Most of these accounts have some built-in parental controls that give parents veto power over — or at least the ability to monitor — kids’ spending and saving. All else being equal, we’re fans of accounts with flexible, sophisticated parental controls that allow parents to increase and reduce freedom of use.

Account Fees

Truly fee-free bank accounts are rare. But high school bank accounts tend to have fewer fees than more generous “adult” accounts, and those fees may be easier to waive as well. All else being equal, we look for accounts with low or no maintenance fees and reasonable fees for activities like ATM withdrawals and overdrafts.

Rewards

High school bank accounts and debit cards aren’t particularly well-known for generous cash-back rewards. But if you know where to look, you can find them. We’re always on the lookout for accounts and cards that offer decent rates of return on everyday purchases.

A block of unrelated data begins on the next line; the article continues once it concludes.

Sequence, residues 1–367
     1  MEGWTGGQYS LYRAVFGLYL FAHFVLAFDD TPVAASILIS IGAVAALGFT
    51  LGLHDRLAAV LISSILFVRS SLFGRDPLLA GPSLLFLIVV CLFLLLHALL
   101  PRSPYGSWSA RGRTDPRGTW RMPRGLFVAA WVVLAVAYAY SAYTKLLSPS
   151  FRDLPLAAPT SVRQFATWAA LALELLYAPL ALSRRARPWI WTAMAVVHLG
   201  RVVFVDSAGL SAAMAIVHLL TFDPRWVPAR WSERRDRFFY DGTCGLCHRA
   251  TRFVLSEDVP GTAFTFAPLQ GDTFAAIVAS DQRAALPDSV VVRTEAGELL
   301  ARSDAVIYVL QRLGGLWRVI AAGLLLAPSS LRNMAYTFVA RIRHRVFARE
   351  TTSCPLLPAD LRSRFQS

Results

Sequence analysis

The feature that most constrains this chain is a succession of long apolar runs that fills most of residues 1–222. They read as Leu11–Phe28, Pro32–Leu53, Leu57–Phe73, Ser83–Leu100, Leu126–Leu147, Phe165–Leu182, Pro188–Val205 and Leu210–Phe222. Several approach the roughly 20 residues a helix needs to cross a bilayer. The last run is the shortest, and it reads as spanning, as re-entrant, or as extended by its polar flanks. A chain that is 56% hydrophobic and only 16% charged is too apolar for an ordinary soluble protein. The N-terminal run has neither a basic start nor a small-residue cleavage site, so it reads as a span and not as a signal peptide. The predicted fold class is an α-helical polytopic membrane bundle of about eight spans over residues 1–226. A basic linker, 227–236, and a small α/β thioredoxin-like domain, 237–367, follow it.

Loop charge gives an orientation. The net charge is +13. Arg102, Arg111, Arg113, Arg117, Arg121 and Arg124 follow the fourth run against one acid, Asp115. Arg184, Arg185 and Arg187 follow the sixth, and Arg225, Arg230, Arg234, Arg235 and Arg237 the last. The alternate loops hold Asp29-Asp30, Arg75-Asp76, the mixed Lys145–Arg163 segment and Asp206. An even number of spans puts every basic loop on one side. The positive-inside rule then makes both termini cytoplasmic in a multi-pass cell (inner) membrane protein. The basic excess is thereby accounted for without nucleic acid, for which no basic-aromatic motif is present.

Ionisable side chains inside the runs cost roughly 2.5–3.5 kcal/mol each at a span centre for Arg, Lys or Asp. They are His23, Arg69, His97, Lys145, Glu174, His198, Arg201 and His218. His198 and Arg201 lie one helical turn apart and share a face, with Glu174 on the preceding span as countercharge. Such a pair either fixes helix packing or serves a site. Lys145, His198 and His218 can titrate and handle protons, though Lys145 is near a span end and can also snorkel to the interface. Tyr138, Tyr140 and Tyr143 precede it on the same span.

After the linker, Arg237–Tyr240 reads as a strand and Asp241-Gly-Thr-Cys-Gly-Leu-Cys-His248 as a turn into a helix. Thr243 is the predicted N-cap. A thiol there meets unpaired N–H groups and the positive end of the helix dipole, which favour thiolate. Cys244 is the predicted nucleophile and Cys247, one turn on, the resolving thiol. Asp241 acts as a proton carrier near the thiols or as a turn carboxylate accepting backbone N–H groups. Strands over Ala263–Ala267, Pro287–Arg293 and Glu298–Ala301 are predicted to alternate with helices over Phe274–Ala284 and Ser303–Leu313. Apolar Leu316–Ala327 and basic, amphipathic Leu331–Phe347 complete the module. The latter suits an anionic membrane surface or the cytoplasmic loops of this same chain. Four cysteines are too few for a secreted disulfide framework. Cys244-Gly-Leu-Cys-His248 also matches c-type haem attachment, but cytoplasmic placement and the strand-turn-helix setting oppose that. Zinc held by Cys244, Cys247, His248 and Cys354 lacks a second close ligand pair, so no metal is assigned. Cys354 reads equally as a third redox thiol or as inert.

Interest Rates (Yield)

High school bank accounts aren’t well-known for high yields either. However, some kid-friendly debit cards make a point of paying interest on eligible savings balances. If you’re in the market for a family prepaid debit card anyway, give their interest-bearing features (or lack thereof) a close look.

Automation

The best high school bank accounts and debit cards make it easy to automate savings, budgeting, and even investing. We’re big fans of accounts that let you round up and save the change on eligible debit card purchases, set and fund long-term savings goals, and set up recurring savings plans that draw from your paycheck, allowance, and other inflows.

Budgeting Tools

We’re also big fans of accounts with sophisticated budgeting capabilities. Family debit cards like FamZoo and Greenlight really stand out on this point, but digital banking apps like Chime and Copper aren’t slouches either. All else being equal, we prefer high school bank accounts with budgeting tools powerful enough that you won’t need a separate budgeting app